The MSU-IPESL staff includes three project managers.  They are Brenda Flannery from Academic Affairs (the only administrator), Tracy Pellett, Executive Director of Assessment, and Stewart Ross, Director of CETL.  These three individuals were the ones who worked on the talk force with Dr. Fagin during the summer to develop the plan.  Tracy will deal mainly with assessment issues related to IPESL and Stewart will deal with the workshops and communities of practice (COPs) which will soon be formed.  The plan also calls for two faculty fellows who will assist the project managers.  They will be Karen Boubel and Chuck Lewis.  The two faculty selected to give critical thinking workshops and be available for one-on-one advising are Marge Murray-Davis and Richard Liebendorfer.  Wayne Sharp was hired to aid faculty with IT needs.  Finally, three facilitators were selected to work with the COP's.  Those faculty are Linda Duckett, Ron Nickerson, and Ann Quade.

The plan for spring is to have a few workshops on critical thinking offered at the end of January-early February. We will send this information as it is available. There will also be a workshop on course design on January 12th from 1-4 p.m. in CSU 284 for the 16 faculty who received CETL minigrants.  As an IPESL participant you are invited to attend.  We are excited that Stephen Brookfield, the author of five books and one of the leaders in critical thinking in higher education will be the keynoter for the CETL conference scheduled for February 28th.  Dr. Brookfield has agreed to spend time with the IPESL participants after his keynote!  Please put on your calendar February 28th from 9-noon.  These will be valuable sessions with Dr. Brookfield, so valuable that we ask you to consider making arrangement for any class you might be teaching during that time period.

During the spring semester each COP will meet 5 times with their facilitator.  Each COP will be interdisciplinary, based on when faculty are available to attend the 90 minute sessions.  These sessions will be equally spaced throughout the semester.  At these sessions it is hoped faculty will meet one another (maybe even bond), share ideas and plans for infusing critical thinking into their courses, and continue to learn together.   We will send you next week, the group you are in and the days and times set for that group and where the group will meet. We have selected terrific facilitators for each group.  During the summer, assessment work will continue so that the final evaluation of the program can be sent to Minnesota State in August.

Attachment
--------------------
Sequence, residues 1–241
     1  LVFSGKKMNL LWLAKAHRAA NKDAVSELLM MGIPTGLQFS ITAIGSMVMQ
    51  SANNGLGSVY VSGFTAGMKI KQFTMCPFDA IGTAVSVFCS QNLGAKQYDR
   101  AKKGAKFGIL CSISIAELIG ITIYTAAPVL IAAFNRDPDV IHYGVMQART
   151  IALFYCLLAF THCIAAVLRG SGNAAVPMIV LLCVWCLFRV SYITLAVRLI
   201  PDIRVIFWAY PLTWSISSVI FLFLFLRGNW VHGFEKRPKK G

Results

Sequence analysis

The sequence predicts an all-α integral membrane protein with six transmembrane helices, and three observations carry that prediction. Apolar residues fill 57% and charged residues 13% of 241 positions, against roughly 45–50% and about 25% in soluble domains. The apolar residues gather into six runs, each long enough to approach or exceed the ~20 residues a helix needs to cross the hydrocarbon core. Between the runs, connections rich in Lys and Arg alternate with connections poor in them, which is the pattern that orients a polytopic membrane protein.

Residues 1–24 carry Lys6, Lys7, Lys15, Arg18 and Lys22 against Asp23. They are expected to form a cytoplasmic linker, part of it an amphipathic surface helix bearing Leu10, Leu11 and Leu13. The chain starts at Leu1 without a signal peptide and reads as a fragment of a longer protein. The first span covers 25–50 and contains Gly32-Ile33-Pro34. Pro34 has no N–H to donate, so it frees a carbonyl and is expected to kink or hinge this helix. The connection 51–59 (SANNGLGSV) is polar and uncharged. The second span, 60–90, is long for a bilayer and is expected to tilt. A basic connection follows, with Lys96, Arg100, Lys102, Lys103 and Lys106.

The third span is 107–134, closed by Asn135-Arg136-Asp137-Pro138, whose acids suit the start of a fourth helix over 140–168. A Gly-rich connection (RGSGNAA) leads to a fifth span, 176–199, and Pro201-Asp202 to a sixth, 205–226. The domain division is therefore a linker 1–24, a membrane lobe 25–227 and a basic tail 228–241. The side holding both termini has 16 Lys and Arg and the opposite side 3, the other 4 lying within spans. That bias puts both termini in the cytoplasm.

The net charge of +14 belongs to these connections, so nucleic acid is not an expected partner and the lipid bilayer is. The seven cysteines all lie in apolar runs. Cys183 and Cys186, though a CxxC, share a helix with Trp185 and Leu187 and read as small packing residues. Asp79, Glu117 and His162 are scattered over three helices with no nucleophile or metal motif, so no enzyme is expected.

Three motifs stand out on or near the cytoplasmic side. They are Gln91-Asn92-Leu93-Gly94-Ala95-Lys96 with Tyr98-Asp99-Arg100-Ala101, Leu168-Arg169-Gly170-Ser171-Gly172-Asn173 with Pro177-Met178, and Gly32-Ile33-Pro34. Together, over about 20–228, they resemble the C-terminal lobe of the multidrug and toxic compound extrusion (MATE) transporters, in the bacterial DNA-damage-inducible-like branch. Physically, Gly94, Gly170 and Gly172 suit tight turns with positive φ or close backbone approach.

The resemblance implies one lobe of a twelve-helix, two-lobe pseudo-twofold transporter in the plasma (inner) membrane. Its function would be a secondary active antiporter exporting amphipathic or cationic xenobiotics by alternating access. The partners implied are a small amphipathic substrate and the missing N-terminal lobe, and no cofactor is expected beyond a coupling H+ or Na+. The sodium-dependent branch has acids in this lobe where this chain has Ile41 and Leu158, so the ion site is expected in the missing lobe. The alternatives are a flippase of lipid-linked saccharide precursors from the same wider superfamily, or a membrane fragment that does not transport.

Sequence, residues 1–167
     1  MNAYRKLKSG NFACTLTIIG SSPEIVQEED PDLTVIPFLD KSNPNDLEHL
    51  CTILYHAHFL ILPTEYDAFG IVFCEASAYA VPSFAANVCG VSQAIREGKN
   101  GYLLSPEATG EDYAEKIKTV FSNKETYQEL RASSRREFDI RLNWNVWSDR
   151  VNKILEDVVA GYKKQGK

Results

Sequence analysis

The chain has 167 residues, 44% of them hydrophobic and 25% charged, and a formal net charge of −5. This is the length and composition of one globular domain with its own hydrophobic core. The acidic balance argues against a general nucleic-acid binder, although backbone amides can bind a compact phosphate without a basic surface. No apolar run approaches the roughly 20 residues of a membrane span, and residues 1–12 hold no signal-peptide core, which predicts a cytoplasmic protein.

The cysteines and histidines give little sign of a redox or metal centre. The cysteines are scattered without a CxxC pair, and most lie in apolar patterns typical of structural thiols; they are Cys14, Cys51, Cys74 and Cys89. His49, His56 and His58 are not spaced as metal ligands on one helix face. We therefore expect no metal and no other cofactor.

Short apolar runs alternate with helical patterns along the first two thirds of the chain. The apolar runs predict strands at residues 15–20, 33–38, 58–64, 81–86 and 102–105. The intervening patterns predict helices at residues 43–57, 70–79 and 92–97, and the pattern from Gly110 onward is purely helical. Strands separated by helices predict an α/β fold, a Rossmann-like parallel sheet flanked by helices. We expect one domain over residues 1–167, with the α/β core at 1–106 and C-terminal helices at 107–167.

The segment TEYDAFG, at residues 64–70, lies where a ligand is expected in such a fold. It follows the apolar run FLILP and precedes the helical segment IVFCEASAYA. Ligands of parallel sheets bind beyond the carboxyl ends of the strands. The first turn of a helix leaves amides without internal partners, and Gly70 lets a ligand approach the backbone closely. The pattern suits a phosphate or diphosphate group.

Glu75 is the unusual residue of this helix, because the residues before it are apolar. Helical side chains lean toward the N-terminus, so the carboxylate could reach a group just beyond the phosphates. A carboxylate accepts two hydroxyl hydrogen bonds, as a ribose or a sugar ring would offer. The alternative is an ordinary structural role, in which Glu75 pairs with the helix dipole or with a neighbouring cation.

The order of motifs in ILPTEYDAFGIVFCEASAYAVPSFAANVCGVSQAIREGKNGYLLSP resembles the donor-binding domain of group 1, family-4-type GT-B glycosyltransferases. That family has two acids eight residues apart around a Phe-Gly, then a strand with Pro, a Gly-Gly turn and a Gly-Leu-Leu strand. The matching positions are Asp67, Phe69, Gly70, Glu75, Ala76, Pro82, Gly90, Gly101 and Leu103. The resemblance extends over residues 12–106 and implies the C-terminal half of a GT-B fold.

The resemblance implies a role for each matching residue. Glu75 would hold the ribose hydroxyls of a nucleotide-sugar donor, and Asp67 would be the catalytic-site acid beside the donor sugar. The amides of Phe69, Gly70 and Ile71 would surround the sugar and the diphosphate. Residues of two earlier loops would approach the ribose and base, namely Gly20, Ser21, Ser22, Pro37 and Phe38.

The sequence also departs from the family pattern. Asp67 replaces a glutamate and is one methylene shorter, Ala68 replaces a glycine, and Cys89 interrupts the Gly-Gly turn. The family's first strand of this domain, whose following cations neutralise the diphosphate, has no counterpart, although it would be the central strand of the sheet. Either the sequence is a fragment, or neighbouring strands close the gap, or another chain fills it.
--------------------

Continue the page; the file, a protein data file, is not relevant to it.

Because Minnesota State expects each campus to use IPESL as a leverage to continue teaching and learning efforts, our plan is particularly well suited to a long term approach.  In the fall of 2007, CETL plans to continue this work by forming Critical Thinking COP's.  Our hope is that many who receive awards will continue to attend sessions together as you assess and research the changes made in courses.  Our goal is to actually begin measuring student learning based on the critical thinking development in courses, created by faculty involved in the IPESL grants.  We expect public presentations through various forums including a dedicated space on the CETL website which can also be shared with the five colleges involved in the Carnegie Project for the next three years.